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No. 033 [from The Spectator]
by [?]

No. 33
Saturday, April 7, 1711. Steele.

‘Fervidus tecum Puer, et solutis
Gratiae zonis, properentque Nymphae,
Et parum comis sine te Juventas,
Mercuriusque.’

Hor. ‘ad Venerem.’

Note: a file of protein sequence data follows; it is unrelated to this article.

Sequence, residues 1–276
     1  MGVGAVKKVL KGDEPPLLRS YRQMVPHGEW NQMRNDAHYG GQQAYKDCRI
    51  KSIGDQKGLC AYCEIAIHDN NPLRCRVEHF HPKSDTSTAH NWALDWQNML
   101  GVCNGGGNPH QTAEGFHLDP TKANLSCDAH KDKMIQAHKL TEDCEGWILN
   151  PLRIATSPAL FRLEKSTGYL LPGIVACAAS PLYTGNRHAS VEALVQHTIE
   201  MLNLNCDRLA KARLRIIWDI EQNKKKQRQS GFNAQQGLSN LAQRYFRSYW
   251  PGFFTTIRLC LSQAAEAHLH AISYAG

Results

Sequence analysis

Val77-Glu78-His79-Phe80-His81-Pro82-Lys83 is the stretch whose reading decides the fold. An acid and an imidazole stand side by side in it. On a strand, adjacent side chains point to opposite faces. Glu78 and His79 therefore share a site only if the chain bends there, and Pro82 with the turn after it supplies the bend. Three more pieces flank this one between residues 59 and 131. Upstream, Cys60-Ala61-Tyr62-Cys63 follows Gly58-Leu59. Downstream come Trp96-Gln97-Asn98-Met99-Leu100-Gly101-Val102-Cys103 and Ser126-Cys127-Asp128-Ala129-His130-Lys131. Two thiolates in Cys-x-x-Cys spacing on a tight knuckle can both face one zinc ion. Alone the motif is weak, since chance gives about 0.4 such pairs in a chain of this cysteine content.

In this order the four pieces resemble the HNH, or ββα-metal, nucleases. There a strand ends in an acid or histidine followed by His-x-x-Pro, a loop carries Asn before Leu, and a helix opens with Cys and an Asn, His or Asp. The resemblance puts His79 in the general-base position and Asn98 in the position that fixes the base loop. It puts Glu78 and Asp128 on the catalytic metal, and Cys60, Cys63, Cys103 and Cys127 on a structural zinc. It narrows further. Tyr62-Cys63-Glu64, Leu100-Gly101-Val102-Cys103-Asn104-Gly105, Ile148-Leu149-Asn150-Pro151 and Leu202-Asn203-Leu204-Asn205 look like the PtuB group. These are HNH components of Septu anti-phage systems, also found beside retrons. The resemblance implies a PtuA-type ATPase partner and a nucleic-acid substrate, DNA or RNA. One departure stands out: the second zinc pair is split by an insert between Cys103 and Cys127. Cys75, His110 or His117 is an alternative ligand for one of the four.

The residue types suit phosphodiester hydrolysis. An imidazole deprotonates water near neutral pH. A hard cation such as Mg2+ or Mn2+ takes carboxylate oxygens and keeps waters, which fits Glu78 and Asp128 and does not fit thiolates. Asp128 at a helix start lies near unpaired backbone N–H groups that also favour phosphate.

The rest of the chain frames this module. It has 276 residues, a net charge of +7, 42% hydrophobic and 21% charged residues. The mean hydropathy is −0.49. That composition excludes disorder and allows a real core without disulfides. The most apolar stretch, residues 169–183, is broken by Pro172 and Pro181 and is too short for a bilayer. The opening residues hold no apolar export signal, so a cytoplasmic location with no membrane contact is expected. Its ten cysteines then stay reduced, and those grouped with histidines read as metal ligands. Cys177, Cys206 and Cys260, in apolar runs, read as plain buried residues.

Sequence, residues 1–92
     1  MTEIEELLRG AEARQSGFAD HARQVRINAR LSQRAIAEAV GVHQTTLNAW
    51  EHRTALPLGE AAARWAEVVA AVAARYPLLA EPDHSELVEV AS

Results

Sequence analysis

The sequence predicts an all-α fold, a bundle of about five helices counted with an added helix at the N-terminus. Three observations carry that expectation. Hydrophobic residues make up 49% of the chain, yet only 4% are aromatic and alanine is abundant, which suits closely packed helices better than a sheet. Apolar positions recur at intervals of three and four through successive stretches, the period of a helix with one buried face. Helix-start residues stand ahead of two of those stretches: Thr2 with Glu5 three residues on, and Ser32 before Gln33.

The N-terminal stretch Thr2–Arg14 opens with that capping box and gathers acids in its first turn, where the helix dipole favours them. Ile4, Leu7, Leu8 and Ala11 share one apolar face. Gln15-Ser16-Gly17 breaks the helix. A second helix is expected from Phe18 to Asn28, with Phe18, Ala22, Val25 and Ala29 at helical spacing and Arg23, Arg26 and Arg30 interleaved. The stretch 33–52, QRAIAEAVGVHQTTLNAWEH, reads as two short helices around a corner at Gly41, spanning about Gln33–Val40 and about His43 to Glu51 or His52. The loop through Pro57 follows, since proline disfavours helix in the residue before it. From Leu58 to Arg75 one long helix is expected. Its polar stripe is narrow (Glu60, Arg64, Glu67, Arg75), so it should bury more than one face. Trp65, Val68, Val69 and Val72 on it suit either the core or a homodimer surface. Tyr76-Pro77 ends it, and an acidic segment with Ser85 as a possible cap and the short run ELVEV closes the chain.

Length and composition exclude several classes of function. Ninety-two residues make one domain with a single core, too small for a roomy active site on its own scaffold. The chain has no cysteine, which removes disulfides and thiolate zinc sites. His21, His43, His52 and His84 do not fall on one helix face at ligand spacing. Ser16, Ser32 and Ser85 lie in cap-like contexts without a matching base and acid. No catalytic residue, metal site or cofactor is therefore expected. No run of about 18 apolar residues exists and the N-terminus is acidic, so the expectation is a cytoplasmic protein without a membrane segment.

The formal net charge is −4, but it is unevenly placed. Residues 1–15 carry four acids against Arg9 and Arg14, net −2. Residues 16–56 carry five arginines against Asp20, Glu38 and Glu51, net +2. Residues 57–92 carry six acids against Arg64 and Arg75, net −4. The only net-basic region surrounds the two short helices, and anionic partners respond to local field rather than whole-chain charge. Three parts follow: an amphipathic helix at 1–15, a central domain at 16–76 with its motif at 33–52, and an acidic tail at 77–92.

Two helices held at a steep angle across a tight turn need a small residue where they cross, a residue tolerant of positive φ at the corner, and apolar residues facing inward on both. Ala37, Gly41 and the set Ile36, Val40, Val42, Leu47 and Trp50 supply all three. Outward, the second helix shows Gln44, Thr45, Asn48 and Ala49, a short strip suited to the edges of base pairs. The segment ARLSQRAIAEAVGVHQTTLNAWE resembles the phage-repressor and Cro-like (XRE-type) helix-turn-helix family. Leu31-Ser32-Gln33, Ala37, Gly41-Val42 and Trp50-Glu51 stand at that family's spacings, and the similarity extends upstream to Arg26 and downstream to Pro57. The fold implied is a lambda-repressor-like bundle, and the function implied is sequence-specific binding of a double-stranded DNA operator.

A friend of mine has two Daughters, whom I will call Laetitia and Daphne; The Former is one of the Greatest Beauties of the Age in which she lives, the Latter no way remarkable for any Charms in her Person. Upon this one Circumstance of their Outward Form, the Good and Ill of their Life seems to turn. Laetitia has not, from her very Childhood, heard any thing else but Commendations of her Features and Complexion, by which means she is no other than Nature made her, a very beautiful Outside. The Consciousness of her Charms has rendered her insupportably Vain and Insolent, towards all who have to do with her. Daphne, who was almost Twenty before one civil Thing had ever been said to her, found her self obliged to acquire some Accomplishments to make up for the want of those Attractions which she saw in her Sister. Poor Daphne was seldom submitted to in a Debate wherein she was concerned; her Discourse had nothing to recommend it but the good Sense of it, and she was always under a Necessity to have very well considered what she was to say before she uttered it; while Laetitia was listened to with Partiality, and Approbation sate in the Countenances of those she conversed with, before she communicated what she had to say. These Causes have produced suitable Effects, and Laetitia is as insipid a Companion, as Daphne is an agreeable one. Laetitia, confident of Favour, has studied no Arts to please; Daphne, despairing of any Inclination towards her Person, has depended only on her Merit. Laetitia has always something in her Air that is sullen, grave and disconsolate. Daphne has a Countenance that appears chearful, open and unconcerned. A young Gentleman saw Laetitia this Winter at a Play, and became her Captive. His Fortune was such, that he wanted very little Introduction to speak his Sentiments to her Father. The Lover was admitted with the utmost Freedom into the Family, where a constrained Behaviour, severe Looks, and distant Civilities, were the highest Favours he could obtain of Laetitia; while Daphne used him with the good Humour, Familiarity, and Innocence of a Sister: Insomuch that he would often say to her, Dear Daphne; wert thou but as Handsome as Laetitia!–She received such Language with that ingenuous and pleasing Mirth, which is natural to a Woman without Design. He still Sighed in vain for Laetitia, but found certain Relief in the agreeable Conversation of Daphne. At length, heartily tired with the haughty Impertinence of Laetitia, and charmed with repeated Instances of good Humour he had observed in Daphne, he one Day told the latter, that he had something to say to her he hoped she would be pleased with.–Faith Daphne, continued he, I am in Love with thee, and despise thy Sister sincerely. The Manner of his declaring himself gave his Mistress occasion for a very hearty Laughter.–Nay, says he, I knew you would Laugh at me, but I’ll ask your Father. He did so; the Father received his Intelligence with no less Joy than Surprize, and was very glad he had now no Care left but for his Beauty, which he thought he could carry to Market at his Leisure. I do not know any thing that has pleased me so much a great while, as this Conquest of my Friend Daphne’s. All her Acquaintance congratulate her upon her Chance. Medley, and laugh at that premeditating Murderer her Sister. As it is an Argument of a light Mind, to think the worse of our selves for the Imperfections of our Persons, it is equally below us to value our selves upon the Advantages of them. The Female World seem to be almost incorrigibly gone astray in this Particular; for which Reason, I shall recommend the following Extract out of a Friend’s Letter to the Profess’d Beauties, who are a People almost as unsufferable as the Profess’d Wits.